Take the 2-minute tour ×
Server Fault is a question and answer site for system and network administrators. It's 100% free, no registration required.

this is my first web app deployment and am running into all sorts of issues.

I am currently going for a nginx + gunicorn implementation for the Django app, but mostly this question relates to nginx configurations. For some context - nginx would receive connections and proxy to the gunicorn local server.

in the nginx configurations, where it says server_name do I have to provide one? I don't plan to use domain names of any kind, just through my network's external ip (it is static) and the port number to listen to.

My desire is that when I access something like http://xxx.xxx.xxx.xxx:9050 I would be able to get the site.

The following is the sample code that I will base the configurations on for reference.

   server {
        listen   80;
        server_name WHAT TO PUT HERE?;

    root /path/to/test/hello;

    location /media/ {
        # if asset versioning is used
        if ($query_string) {
            expires max;
    location /admin/media/ {
        # this changes depending on your python version
        root /path/to/test/lib/python2.6/site-packages/django/contrib;
    location / {
        proxy_pass_header Server;
        proxy_set_header Host $http_host;
        proxy_redirect off;
        proxy_set_header X-Real-IP $remote_addr;
        proxy_set_header X-Scheme $scheme;
        proxy_connect_timeout 10;
        proxy_read_timeout 10;
        proxy_pass http://localhost:8000/;
        # what to serve if upstream is not available or crashes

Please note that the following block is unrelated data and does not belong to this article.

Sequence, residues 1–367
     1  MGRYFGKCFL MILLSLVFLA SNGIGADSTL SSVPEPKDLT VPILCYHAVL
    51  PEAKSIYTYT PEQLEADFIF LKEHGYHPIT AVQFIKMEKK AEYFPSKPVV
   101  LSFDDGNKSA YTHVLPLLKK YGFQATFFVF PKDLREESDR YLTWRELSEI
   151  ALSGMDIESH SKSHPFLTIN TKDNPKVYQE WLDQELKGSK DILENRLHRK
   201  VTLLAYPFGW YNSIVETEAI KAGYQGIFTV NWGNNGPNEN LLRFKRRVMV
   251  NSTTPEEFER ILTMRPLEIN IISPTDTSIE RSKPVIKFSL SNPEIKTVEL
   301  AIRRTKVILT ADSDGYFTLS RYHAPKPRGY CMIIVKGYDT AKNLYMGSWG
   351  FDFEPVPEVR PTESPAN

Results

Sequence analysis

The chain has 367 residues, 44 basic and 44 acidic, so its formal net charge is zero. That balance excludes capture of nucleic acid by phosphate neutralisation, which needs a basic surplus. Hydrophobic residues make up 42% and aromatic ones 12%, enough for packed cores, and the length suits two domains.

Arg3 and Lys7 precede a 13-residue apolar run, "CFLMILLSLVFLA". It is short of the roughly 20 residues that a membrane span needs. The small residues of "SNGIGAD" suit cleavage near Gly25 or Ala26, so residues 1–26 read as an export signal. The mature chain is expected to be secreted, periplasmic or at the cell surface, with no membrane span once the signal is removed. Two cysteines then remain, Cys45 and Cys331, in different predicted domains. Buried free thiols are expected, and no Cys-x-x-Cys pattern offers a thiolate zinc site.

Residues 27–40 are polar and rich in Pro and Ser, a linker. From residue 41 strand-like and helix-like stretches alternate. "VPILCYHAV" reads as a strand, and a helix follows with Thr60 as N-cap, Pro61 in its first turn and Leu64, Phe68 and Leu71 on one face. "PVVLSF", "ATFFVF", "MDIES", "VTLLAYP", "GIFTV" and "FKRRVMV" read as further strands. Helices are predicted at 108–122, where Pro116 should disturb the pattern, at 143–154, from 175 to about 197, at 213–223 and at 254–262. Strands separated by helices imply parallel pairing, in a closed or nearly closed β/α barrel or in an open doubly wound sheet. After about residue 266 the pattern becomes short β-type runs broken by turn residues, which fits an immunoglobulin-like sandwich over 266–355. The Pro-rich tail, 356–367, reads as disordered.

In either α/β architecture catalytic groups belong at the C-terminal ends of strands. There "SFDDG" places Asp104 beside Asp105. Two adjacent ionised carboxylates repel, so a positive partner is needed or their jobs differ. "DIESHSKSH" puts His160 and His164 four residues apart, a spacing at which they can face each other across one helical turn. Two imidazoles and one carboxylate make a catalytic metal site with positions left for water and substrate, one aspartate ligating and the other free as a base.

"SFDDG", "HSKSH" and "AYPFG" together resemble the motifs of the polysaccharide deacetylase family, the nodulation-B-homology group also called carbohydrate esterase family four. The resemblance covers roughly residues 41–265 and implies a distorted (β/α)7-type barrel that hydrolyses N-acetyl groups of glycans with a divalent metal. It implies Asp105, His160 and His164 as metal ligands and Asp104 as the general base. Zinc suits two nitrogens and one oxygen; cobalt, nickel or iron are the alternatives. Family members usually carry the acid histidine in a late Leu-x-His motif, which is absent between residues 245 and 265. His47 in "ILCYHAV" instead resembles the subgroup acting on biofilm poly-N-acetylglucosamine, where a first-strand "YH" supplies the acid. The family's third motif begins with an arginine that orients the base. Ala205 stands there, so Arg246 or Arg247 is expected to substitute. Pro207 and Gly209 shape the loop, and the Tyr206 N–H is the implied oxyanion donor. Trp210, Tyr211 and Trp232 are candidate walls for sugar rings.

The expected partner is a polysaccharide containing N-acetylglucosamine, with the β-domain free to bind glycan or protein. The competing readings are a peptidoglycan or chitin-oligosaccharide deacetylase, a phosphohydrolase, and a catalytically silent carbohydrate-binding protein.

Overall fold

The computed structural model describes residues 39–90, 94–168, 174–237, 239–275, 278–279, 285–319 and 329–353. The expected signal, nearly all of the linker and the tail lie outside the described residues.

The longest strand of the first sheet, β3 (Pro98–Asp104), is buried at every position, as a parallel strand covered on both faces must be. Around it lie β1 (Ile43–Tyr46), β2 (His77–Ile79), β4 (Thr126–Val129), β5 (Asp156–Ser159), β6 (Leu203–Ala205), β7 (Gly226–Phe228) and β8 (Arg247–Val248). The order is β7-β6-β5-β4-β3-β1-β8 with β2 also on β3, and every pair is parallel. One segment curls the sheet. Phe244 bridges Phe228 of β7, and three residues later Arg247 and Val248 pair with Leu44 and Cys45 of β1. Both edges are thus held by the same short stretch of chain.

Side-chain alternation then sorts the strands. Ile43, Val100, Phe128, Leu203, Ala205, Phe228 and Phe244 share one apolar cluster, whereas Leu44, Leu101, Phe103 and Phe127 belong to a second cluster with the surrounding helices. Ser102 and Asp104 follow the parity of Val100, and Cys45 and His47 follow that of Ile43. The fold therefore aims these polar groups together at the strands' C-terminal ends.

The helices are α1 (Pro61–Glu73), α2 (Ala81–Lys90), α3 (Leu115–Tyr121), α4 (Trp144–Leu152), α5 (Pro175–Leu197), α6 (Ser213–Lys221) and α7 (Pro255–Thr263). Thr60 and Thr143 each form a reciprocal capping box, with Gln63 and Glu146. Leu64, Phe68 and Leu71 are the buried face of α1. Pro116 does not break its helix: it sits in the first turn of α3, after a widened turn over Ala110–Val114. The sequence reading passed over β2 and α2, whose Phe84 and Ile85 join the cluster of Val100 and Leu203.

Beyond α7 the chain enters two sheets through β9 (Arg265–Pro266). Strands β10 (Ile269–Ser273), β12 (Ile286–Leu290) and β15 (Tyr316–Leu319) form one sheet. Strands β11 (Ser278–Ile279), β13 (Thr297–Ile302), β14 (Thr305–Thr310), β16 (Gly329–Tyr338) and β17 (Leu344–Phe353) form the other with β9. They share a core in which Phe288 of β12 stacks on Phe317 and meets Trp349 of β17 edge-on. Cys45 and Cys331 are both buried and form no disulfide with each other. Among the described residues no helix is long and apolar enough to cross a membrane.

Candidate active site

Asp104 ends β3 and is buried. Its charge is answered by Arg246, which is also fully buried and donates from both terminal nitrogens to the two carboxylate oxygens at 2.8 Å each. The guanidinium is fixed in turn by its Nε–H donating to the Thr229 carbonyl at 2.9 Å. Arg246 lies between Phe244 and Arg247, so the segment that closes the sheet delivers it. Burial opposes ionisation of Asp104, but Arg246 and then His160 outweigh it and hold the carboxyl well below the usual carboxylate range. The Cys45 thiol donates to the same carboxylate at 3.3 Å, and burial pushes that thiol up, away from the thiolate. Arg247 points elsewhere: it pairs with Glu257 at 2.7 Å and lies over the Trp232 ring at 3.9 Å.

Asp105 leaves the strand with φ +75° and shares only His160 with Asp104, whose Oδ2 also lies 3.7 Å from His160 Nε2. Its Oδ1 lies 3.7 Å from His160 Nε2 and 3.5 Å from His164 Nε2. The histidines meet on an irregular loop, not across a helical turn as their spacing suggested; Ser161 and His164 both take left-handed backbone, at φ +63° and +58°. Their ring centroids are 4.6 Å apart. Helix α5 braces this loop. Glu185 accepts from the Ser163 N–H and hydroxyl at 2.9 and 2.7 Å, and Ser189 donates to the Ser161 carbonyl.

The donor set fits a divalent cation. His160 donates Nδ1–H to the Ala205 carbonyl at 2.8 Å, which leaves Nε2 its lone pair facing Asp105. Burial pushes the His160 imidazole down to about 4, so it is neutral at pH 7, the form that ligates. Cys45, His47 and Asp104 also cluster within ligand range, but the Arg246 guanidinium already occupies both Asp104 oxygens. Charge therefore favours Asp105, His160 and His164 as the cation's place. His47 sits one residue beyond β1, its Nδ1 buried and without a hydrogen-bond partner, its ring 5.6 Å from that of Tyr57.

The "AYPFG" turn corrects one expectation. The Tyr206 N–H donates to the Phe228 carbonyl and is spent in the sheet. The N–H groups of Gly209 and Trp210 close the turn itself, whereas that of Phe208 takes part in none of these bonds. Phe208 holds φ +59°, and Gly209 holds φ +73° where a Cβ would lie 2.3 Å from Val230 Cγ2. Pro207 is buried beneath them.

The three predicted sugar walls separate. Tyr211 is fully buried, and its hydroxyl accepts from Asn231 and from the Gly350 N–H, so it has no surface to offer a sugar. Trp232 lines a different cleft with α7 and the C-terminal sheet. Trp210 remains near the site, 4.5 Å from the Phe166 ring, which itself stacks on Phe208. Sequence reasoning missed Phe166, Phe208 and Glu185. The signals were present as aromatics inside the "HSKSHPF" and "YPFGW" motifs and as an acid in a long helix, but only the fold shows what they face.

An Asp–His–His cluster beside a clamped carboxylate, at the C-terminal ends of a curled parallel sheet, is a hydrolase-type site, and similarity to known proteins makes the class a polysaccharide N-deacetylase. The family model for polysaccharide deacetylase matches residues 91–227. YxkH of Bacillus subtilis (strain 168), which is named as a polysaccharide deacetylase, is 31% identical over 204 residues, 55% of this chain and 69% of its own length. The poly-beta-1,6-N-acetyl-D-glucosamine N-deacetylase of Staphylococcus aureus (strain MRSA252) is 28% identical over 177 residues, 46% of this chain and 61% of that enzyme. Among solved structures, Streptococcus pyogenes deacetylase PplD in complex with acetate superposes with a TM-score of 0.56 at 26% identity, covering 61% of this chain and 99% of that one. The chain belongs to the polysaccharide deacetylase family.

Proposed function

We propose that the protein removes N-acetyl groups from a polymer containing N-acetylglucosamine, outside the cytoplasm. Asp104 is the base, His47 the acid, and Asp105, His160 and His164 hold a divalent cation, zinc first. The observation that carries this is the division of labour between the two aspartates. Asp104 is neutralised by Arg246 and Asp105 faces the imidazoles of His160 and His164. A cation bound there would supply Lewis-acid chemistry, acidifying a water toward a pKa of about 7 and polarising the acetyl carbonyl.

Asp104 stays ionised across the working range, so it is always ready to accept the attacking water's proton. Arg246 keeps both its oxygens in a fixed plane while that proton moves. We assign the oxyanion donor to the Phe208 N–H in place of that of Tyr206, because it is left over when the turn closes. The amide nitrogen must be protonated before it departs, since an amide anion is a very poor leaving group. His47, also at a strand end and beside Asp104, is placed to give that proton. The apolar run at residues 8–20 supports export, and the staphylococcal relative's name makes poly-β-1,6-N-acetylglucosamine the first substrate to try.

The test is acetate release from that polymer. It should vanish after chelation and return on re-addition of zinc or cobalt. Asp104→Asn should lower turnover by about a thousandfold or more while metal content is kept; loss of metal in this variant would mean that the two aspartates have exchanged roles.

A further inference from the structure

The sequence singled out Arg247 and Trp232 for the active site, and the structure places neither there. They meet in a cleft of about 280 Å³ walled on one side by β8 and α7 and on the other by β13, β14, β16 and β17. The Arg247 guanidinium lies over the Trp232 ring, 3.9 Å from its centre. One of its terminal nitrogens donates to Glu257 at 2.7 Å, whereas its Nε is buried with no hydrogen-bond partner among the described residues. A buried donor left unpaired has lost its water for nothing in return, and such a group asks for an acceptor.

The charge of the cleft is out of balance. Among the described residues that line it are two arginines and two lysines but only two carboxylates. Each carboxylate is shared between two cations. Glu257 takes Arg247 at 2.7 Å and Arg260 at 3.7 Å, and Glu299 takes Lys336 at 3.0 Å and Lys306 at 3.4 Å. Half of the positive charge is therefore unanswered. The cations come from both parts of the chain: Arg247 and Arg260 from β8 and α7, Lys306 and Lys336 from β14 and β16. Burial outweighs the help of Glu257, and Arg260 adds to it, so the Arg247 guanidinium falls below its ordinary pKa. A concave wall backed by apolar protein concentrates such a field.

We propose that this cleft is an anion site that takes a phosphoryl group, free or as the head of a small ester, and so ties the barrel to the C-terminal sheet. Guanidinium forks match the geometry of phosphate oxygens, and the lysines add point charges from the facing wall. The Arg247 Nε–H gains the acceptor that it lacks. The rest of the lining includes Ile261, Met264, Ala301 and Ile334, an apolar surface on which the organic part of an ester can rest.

error_page 500 502 503 504 /media/50x.html;
share|improve this question

2 Answers 2

up vote 6 down vote accepted

server_name defaults to an empty string, which is fine; you can exclude it completely.

Another common approach for the "I don't want to put a name on this" need is to use server_name _;

Your http://xxx.xxx.xxx.xxx:9050 URL won't work with this config, though; you're only listening on port 80. You'd need to add a listen 9050; as well.

share|improve this answer
thanks! I'll try it out! –  bash- Jan 19 '12 at 17:07
hey can you take a look at this serverfault.com/questions/678521/… –  Muhammad Umer Mar 26 at 18:20
somewhat related –  Muhammad Umer Mar 26 at 18:21

server_name _; is not a wildcard see here:


just specify the default_server directive for ip-only access

share|improve this answer
It's discouraged to simply link to the useful piece of information and not include it in your answer - in this case that the server_name _; is a non-match. –  BE77Y Feb 20 at 9:01
"is not a wildcard" == "is a non-match". I'm sure they'll get it. –  Joe Feb 21 at 1:06
The two aren't equal; non-match is what is served when nothing else matches, whilst a wildcard matches everything. The point here however is that the useful information should be in the answer, not linked on some other site (however well presented on that site), as detailed here –  BE77Y Feb 21 at 8:50
And the point is that this is not a 'good answer' but it's an answer. Sorry no time. If you would like to edit/rewrite it, I give you full permission to. Otherwise, they will know exactly what to do, and it is helpful. Feel free to rewrite it, otherwise the answer stands. –  Joe Feb 21 at 19:32
If you had 'no time' to include an extra line with the pertinent information, I honestly don't know why you bothered to answer a 3 year old post with an accepted answer! –  BE77Y Feb 21 at 22:52

Your Answer


By posting your answer, you agree to the privacy policy and terms of service.

Not the answer you're looking for? Browse other questions tagged or ask your own question.